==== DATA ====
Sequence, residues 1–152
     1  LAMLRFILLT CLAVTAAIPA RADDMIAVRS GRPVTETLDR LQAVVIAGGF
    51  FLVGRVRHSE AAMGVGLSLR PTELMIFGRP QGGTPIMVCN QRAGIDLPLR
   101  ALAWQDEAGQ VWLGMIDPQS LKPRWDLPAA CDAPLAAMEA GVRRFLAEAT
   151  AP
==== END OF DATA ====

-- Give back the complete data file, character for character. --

Sequence, residues 1–152
     1  LAMLRFILLT CLAVTAAIPA RADDMIAVRS GRPVTETLDR LQAVVIAGGF
    51  FLVGRVRHSE AAMGVGLSLR PTELMIFGRP QGGTPIMVCN QRAGIDLPLR
   101  ALAWQDEAGQ VWLGMIDPQS LKPRWDLPAA CDAPLAAMEA GVRRFLAEAT
   151  AP